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The Sparkpeople Cookbook: Love Your Food,…
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The Sparkpeople Cookbook: Love Your Food, Lose the Weight (2011)

by Meg Galvin

Other authors: Chris Downie (Introduction), Stepfanie Romine

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I had never heard of SparkPeople.com when I received their cookbook for review. The introduction tells the fascinating story of the origins of SparkPeople, beginning with their first book, The Spark: The 28-Day Breakthrough Plan for Losing Weight, Getting Fit and Transforming Your Life.

That led to SparkPeople.com, helping people lose weight and eat healthier through "10-minute bursts of fitness, small goals set along the way to achieve larger ones, a tight-knit network to offer support, and healthy easy-to-prepare food to fuel an active life."

This led to the The SparkPeople Cookbook, by Meg Galvin, which is really a lifestyle book. Chapters like Satisfying, Sustaining, and Stress-Free Eating, The Science of Satisfaction, and my favorite, The Healthy New Kitchen, which lists necessary the kitchen tools and pantry staples, spell out in easy-to-read terms how to live a healthier lifestyle.

The second part of the book gives recipes that range from simple and unique, Pumpkin Pie Smoothie, to ones that take a little more time like the one I tried, Minestone Soup with Parmesan Crisps, which was hearty and filling, with only 197 calories per serving, 4.6 g of total fat and 9.4 g of dietary fiber.

The soup was very tasty, but it called for "one 4.5-ounce can of diced tomatoes". I frequently use the standard 14.5 oz can of diced tomatoes, but I have never seen a 4.5 oz. of diced tomatoes, and that seemed like too small an amount, so I used a 14.5 oz. can of tomatoes, and it seemed to work.

It also calls for "one 5.5-ounce can cannelini beans". Again, I have seen 15.5 oz. cans, but not 5.5 oz. cans. Has anyone else tried this recipe, and if so, did you follow it as written? How did it turn out? Has anyone ever seen a 4.5 oz. can of diced tomatoes? I found this confusing, but I didn't see any other odd measurements on any other recipes I perused.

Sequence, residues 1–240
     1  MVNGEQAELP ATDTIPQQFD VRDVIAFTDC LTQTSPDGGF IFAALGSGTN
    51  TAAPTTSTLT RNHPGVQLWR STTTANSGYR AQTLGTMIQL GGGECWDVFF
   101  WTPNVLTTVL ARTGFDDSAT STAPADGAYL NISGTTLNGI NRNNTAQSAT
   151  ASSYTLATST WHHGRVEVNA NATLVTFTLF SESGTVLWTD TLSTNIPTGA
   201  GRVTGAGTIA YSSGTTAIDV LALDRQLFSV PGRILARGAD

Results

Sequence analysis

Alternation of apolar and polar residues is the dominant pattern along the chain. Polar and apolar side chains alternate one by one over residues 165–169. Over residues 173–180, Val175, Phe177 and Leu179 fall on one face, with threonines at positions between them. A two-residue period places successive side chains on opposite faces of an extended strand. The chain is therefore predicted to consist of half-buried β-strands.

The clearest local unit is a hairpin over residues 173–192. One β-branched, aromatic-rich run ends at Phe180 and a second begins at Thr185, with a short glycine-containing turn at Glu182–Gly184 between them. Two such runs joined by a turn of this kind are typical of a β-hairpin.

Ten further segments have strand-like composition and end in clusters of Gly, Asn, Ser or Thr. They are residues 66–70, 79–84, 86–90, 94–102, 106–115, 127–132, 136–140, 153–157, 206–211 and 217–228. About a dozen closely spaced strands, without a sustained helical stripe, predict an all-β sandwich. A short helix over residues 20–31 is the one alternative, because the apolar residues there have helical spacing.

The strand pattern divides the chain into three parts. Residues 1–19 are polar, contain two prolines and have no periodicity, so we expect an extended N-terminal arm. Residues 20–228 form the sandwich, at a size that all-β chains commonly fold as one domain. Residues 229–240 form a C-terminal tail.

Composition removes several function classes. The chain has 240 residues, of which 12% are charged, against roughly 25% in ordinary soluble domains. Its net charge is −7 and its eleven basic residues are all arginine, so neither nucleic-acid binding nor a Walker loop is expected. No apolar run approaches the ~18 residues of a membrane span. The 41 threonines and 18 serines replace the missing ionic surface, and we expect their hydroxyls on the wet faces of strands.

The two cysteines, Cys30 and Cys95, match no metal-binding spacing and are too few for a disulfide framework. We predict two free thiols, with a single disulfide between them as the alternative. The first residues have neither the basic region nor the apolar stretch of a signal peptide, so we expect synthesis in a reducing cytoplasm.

Each recipe has an icon index at the top that tells you such things as whether the recipe has multiple servings of fruit and vegetables, if it freezes well, if it's great for company or kid-friendly. I liked this, it makes it easy to see at a glance if it work for what you need.

It has lots of photos, again something I like, and the appendix is filled with useful information, such a table on how long fresh fruits and vegetables should last and how to store them, a comparison chart for oils, and a two week menu cycle. (I would have liked to have seen a three or four cycle; two weeks seems like you could get bored more easily.)

The SparkPeople Cookbook is a good book for someone who wants to make a healthy change in their life. It has so much great information in addition to the recipes, it is an invaluable tool for every cook's bookshelf. ( )
  bookchickdi | Mar 22, 2012 |
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Author nameRoleType of authorWork?Status
Meg Galvinprimary authorall editionsconfirmed
Downie, ChrisIntroductionsecondary authorall editionsconfirmed
Romine, Stepfaniesecondary authorall editionsconfirmed
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"From the team that brought you SparkPeople.com, America's #1 weight-loss and fitness site, and the New York Times bestseller The Spark, comes The SparkPeople Love Your Food, Lose the Weight Cookbook. This practical yet inspirational guide, which is based on the same easy, real-world principles as the SparkPeople program, takes the guesswork out of making delicious, healthy meals and losing weight--once and for all. Award-winning chef Meg Galvin and SparkRecipes editor Stepfanie Romine have paired up to create this collection of more than 160 satisfying, sustaining, and stress-free recipes that streamline your healthy-eating efforts. With a focus on real food, generous portions, and great flavor, these recipes are not part of a fad diet. They aren't about spending money on obscure ingredients, eliminating key components of a balanced diet, or slaving away for hours at the stove. They are about making smart choices and eating food you love to eat. But this is more than just a collection of recipes--it's an education. The SparkPeople philosophy has always been about encouraging people to achieve personal goals with the help and support of others. And this cookbook works in the just the same way. Along with the recipes, you'll find step-by-step how-tos about the healthiest, most taste-enhancing cooking techniques; lists of kitchen essentials; and simple ingredient swaps that maximize flavor, while cutting fat and calories, plus you'll read motivational SparkPeople success stories from real members who have used these recipes as part of their life-changing transformations"--… (more)

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